By Avi Landau
Just down the road from where I used to live- in the old town of Hojo, in Tsukuba City, there is an old post office which has been renovated and turned into a restaurant/cafe, appropriately named POSTEN ( which is Swedish for post office). Its a good place to visit any time any time of year, but I find that in winter it is especially inviting ( as a refuge from the bone-chilling cold outside AND inside my house). Not only does this establishment offer the physical heat created by kerosene heaters, but it provides a deep aesthetic warmth with its beautiful deeply- hued wood flooring and ceiling beams. Then, in addition to having a nice selection of coffees and teas to warm your insides, the menu lists a drink made with an ingredient which has long been known ( and cherished) in East Asia and other parts of the world for its WARMING qualities- freshly made ginger ale, served up either hot or cold.
The other day I was at Posten again with 3 friends. When I pointed out the ginger ale on the bill of fare, they all joined me in ordering some ( though I went for cold and they for hot), commenting that some ginger would be good for warming the body AND preventing colds and the flu.
When we got our drinks, we all savored the sweet sting and burning sensation with each sip that we took. One member of our party, however, Keiko-San, insisted that though she was enjoying her ginger ale – she could do much better.
Knowing Keiko, I believed her. AND I was not surprised that when I met her the next week she brought with her a bag full of home-made ginger chews. When I bit into one, I was struck by the soft chewiness and the deeply earthy, ginger flavor. Soon, however, the sensation went beyond merely taste and texture as my throat and chest were washed over with a warmth which reminded me of the VAPOR RUB my mom or grandma would rub on my abdomen when I was sick with a cold or flu as a child.
At first I thought that one small piece would be enough, but after a few minutes, when the heat effect started to die down, I could not resist going for another- and then another!
By evening I had finished the whole bag ( though I had, in the desire to share the experience with others, given out a few to friends and acquaintances). Not wanting to impose on Keiko-San by asking her to make me a new batch, I instead asked her ( begged her) for the recipe.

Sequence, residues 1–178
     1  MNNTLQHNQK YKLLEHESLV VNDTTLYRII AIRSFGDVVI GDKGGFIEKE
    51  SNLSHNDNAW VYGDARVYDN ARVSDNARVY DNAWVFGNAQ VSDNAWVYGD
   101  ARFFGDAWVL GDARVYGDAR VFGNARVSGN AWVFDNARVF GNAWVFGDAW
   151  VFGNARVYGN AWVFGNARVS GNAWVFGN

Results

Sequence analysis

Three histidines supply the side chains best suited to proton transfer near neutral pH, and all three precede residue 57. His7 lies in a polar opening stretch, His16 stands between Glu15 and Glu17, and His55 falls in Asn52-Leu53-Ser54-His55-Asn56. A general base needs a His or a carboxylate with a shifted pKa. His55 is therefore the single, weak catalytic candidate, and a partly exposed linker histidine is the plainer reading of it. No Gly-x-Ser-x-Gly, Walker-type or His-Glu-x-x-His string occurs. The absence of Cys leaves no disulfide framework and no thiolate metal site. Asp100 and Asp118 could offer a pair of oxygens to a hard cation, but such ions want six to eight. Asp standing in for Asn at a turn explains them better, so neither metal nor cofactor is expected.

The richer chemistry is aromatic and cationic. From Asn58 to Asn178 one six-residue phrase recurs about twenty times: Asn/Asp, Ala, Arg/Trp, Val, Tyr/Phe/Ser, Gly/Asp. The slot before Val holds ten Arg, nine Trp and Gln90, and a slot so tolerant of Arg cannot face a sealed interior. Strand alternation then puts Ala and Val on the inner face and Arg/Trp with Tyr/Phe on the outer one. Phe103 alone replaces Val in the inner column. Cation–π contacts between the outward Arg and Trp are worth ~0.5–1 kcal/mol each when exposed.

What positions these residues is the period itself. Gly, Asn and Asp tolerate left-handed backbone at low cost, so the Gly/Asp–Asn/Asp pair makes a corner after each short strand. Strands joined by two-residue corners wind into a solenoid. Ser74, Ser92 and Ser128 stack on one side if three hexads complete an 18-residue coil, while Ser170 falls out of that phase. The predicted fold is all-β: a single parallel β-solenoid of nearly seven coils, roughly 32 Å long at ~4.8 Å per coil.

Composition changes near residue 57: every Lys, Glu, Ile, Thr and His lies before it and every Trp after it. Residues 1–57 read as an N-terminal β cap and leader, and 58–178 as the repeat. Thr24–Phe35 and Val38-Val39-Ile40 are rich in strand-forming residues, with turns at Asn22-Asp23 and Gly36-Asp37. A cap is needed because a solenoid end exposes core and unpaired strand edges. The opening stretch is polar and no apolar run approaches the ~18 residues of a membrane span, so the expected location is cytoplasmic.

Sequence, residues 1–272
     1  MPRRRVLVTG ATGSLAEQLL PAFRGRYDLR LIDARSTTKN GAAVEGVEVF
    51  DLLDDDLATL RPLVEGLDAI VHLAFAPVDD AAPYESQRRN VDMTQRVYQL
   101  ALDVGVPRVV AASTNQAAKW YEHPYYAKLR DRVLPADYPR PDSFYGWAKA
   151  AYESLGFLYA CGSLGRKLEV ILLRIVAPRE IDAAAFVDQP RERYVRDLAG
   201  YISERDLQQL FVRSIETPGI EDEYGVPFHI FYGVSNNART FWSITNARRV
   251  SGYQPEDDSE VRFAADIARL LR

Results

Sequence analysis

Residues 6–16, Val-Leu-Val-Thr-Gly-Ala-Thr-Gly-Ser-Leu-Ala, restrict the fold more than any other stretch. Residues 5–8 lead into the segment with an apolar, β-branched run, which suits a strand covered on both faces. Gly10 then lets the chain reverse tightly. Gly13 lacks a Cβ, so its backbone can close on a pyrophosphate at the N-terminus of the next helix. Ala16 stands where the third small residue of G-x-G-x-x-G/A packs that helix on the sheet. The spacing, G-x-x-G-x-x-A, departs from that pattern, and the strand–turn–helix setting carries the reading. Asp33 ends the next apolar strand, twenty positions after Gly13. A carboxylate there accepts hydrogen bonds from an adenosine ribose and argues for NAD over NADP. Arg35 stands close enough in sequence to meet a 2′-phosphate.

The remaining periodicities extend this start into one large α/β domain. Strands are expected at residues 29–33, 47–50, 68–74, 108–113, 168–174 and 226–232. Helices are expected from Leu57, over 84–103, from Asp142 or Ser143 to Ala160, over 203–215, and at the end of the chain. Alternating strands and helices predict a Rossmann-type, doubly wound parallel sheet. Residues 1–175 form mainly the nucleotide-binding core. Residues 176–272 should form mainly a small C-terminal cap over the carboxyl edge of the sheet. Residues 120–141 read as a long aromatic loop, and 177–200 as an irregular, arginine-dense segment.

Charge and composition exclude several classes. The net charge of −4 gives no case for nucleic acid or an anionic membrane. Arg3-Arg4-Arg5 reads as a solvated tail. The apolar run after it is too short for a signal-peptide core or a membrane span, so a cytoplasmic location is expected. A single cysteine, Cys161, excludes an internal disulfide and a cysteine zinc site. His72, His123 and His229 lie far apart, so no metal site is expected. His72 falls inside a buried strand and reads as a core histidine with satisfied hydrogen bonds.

Here it is!
Recipe for Sugar-Coated Ginger chews
First, wash a ginger root
Then you can peel it if you like, or leave it as it is ( as I did)
Slice it- not too thinly and not too thickly ( use your intuition!)
Put these slices in a pot
Cover the ginger with plenty of sugar ( you can experiment with different types – I used plain ole white sugar)
Leave this for about thirty minutes – and like magic, you will find that a syrup will have seeped out of the ginger)
Heat this mixture on a middle sized flame for thirty minutes (or until soft) – stir occasionally all the while
Separate the syrup and the ginger
Put the syrup in a jar or bottle to be used later for making hot ginger drinks or ginger ale
Leave the ginger slices for a week or two- mix every day so that sugar coating spreads equally
Enjoy the warm sensation!
GINGER IN JAPAN
Though its origins are believed to lie somewhere on the Indian Subcontinent, ginger has been cultivated in Japan since at least as early as the Heian Period and it has long been appreciated for its flavor and medicinal powers. Today, it is in Kochi Prefecture on the island of Shikoku where a large portion of Japan`s ginger is grown.
If you are fond of Japanese cuisine you have surely had ginger in various forms. It is an important part of the sushi experience as the pinkish pickles( called GARI)) which are either served on your wooden palette or are available on your table or counter ( free refills are given if so desired). A dab of grated ginger is also put on certain sushi toppings ( especially SABA) and on some sashimi ( most importantly KATSUO- bonito). The reason that ginger and wasabi ( Japanese horseradish) have become so connected with sushi and sashimi dining is that it was realized ( or believed) that these accompaniments to raw fish reduced the number of food poisoning cases back before the age of refrigeration. Ginger also helps eliminate FISHY ( namakusai) smells.
Grated ginger is also an iconic topping ( along with negi and soy sauce) for hiyayako- a chilled block of tofu.
One of my favorite ways of experiencing ginger in Japanese cuisine is at certain IZAKAYA ( Japanese style pubs) which give all customers as they sit down to a table ( or counter) some young ginger roots for dipping in miso pastes ( one place in Tsukuba where they do this is at JIBUN KATTE, an Izakaya near Matsumi Park.
But over the centuries, probably the most popular ( or celebrated ) use for ginger has been as an additive (grated) to hot sake- to prevent or help treat colds.
Also, probably of this idea of connection with disease prevention ( it is also believed to be good for stomach trouble, nervous conditions and an assortment of other ailments), ginger has become an important symbol of certain Shinto Shrines where on certain festivals ( or at certain ceremonies) ginger roots are sold as amulets (like the garlic at Tsukuba`s Ichinoya Shrine) or are presented as offerings to the deities. Some of the better known GINGER SHRINES are the HAJIKAMI JINJA SHRINE in Kanazawa which has a ginger festival in June, and the DAZAIFU TENMANGU SHRINE in Fukuoka Prefecture at which ginger is sold an an amulet to keep misfortune at bay.
I`m not sure if ginger really does CURE colds, but anyway- it sure does taste, and FEEL good!